In April 2016, we reported on Title II of the Drug Quality and Security Act (DQSA), known as the Drug Supply Chain Security Act or DSCSA. Enacted in 2013 by the U.S. Food and Drug Administration, the DSCSA requires a unique federal traceability solution for prescription medicines across all 50 states at the product level.

According to the FDA, the Act will enable better verification of the legitimacy of prescription drugs and swifter action when illegitimate ones are identified and need to be removed from the drug supply chain.I Manufacturers, repackagers and wholesale distributors have until November 27, 2017 to comply. Full interoperability is expected by 2023.

So with less than a year to go before U.S. pharmaceutical companies must have each packaging item uniquely marked, we wanted to take a look at steps taken by the FDA to support the implementation of national identifiers at the item level and assess readiness for change.

The FDA has held several public meetings and workshops to get input from stakeholders and assess progress towards implementing the product identification requirements of the DSCSA. In addition, the Healthcare Distribution Alliance (HDA) Research Foundation conducted a readiness surveyII to measure the level of preparedness of manufacturers and distributors for product serialization and data sharing.

The results from the survey found that 89 percent of manufacturers would be sending serialized products to wholesale distributors before the November 27 deadline, but that 40 percent had concerns with the DSCSA’s requirements, particularly with contract manufacturing organizations (CMOs) readiness and the lack of FDA guidance. Of particular interest, only 36 percent of manufacturers said they were planning to send corresponding aggregated data with products by the November 27, 2017 deadline, 33 percent between November 2017 and 2023, and 26 percent were unsure if they would be able to do so at all.III Based on these findings, the HDA Research Foundation concluded that “100 percent of product will not be serialized by November 27, 2017.”IV

While aggregation is not specifically required by the DSCSA, the process of creating a single federal serialization platform “…may include the use of aggregation and inference as necessary,” particularly if data is to be “exchanged in a secure, interoperable, electronic manner.”V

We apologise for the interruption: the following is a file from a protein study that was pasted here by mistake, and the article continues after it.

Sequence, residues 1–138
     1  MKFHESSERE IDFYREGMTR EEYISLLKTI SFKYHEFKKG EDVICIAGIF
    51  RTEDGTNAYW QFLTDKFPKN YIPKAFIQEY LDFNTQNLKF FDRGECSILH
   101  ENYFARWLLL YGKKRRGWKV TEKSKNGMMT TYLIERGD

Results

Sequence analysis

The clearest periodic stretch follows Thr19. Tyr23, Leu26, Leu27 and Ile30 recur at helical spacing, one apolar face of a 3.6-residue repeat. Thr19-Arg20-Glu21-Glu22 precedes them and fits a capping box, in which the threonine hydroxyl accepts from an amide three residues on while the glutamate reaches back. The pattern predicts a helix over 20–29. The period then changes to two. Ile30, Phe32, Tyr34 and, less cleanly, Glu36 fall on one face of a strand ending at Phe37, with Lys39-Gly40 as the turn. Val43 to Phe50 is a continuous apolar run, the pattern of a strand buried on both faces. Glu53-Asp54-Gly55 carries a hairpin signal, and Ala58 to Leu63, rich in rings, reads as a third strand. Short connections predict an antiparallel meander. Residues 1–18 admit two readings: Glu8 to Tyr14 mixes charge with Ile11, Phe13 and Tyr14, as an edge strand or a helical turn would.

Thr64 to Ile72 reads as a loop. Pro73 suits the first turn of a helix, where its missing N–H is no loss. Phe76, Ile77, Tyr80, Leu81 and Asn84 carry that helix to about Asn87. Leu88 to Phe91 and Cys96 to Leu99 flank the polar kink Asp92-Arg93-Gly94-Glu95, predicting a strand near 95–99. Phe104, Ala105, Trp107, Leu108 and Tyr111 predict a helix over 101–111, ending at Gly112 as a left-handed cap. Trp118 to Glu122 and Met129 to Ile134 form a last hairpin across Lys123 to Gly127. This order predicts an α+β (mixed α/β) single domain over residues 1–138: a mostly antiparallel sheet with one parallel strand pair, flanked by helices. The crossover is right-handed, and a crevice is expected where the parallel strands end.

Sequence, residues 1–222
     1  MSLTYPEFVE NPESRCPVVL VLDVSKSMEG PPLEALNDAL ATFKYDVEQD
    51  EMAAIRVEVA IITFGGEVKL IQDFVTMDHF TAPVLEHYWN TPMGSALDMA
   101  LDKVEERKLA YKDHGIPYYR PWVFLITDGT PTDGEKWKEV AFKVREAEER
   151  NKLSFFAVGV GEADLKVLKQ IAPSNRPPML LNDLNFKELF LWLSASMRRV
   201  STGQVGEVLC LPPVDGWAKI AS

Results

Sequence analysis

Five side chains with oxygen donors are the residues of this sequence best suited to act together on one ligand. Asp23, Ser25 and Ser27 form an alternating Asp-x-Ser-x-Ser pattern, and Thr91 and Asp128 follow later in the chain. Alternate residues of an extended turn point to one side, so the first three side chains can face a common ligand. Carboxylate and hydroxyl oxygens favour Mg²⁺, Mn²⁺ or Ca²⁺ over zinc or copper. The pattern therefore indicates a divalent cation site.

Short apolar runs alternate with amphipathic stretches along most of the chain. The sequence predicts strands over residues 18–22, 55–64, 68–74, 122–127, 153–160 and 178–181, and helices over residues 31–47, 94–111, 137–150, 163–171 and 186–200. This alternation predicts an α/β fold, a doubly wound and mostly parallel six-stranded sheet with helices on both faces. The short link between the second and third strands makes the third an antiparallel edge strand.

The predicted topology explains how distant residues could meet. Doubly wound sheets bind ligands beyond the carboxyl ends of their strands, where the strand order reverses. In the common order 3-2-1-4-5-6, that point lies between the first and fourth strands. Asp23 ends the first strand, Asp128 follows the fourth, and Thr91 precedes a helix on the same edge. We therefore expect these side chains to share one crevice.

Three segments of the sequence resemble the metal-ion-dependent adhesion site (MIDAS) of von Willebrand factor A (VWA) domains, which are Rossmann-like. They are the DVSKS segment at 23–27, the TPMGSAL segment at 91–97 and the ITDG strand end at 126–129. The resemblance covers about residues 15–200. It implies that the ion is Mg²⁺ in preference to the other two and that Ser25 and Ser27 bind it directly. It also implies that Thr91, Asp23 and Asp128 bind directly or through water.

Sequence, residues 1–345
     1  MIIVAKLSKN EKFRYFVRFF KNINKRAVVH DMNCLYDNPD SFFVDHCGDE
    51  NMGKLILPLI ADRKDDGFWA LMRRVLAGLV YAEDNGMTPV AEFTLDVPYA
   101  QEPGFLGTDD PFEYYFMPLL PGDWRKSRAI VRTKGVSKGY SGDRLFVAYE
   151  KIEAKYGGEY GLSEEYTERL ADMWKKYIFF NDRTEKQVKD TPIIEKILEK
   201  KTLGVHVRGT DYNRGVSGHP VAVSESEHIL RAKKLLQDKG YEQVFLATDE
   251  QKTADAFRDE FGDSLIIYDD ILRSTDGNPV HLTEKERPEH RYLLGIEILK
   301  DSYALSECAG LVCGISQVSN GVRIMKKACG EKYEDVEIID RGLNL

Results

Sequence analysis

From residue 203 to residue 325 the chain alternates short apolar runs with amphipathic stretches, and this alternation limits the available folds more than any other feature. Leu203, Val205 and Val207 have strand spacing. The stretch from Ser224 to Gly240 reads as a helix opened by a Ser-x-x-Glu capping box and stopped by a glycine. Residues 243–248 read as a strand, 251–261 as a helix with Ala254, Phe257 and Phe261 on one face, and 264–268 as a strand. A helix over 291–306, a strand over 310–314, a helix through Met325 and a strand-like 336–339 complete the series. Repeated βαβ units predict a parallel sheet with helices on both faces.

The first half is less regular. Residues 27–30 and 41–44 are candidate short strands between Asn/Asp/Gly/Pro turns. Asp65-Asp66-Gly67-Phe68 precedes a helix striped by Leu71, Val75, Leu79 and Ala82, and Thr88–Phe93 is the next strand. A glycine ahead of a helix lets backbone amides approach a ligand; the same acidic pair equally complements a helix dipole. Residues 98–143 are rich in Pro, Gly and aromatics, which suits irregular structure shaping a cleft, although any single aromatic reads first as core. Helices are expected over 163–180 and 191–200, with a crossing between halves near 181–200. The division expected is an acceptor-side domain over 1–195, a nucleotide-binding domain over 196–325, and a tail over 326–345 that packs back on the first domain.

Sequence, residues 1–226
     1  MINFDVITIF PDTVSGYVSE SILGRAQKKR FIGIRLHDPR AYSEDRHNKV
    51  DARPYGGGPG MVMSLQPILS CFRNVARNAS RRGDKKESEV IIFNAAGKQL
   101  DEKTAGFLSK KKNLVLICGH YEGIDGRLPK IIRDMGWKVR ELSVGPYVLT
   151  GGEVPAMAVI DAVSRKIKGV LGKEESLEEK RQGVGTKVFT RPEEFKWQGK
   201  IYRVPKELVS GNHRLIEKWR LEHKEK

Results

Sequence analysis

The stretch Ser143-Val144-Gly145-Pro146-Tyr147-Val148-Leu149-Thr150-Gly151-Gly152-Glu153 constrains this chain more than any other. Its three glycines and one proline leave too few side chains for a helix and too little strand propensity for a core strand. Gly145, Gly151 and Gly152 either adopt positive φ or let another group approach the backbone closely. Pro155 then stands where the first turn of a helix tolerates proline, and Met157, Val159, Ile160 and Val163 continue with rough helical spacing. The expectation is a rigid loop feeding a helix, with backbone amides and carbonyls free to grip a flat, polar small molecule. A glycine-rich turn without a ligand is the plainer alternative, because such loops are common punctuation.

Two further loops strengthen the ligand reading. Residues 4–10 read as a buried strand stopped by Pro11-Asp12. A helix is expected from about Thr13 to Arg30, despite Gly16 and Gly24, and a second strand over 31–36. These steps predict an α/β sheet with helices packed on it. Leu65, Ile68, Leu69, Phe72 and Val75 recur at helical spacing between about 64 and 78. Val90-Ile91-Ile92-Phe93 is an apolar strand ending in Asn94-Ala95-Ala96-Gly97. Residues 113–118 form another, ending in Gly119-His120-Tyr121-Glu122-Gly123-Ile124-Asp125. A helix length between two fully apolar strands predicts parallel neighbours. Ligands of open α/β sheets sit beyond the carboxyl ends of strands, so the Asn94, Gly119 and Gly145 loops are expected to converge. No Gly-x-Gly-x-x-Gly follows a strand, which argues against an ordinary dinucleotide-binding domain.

Aggregation “…is the process of building a relationship between unique identifiers assigned to packaging containers”, to “… associate ‘child’ items with their bundle or case ‘parent’”.VI Put simply, aggregation allows experts working along the drug supply chain to determine the contents of a case without having to open it up and scan every item.

So what does this mean for U.S. pharmaceutical companies? According to the DSCSA timeline, stakeholders were given a two-year timeframe to serialize product, a process which, on average, takes around 34 weeks per product line according to SecuringIndustry.com.VII Given that the planned stakeholder implementation period for an interoperable electronic tracing of product at the package level is expected to start in late 2021 through late 2023, data aggregation will have to be run as a separate project, adding complexity, time, and added costs to the process.

The FDA continues to seek public comment and suggestions on draft guidance documents addressing questions and clarifying expectations raised by prescription drug manufacturers and distributors in hopes to help them meet their first November milestone.

I Drug Supply Chain Security Act
II Manufacturer Serialization Readiness Survey Executive Summary
III See Reference 2, p. 1
IV See Reference 2, p. 3
V Drug Supply Chain Security Act
VI Aggregation 101: What it is, who requires it, and what it means for the supply chain
VII Just starting out on DSCSA compliance? Forget aggregation!

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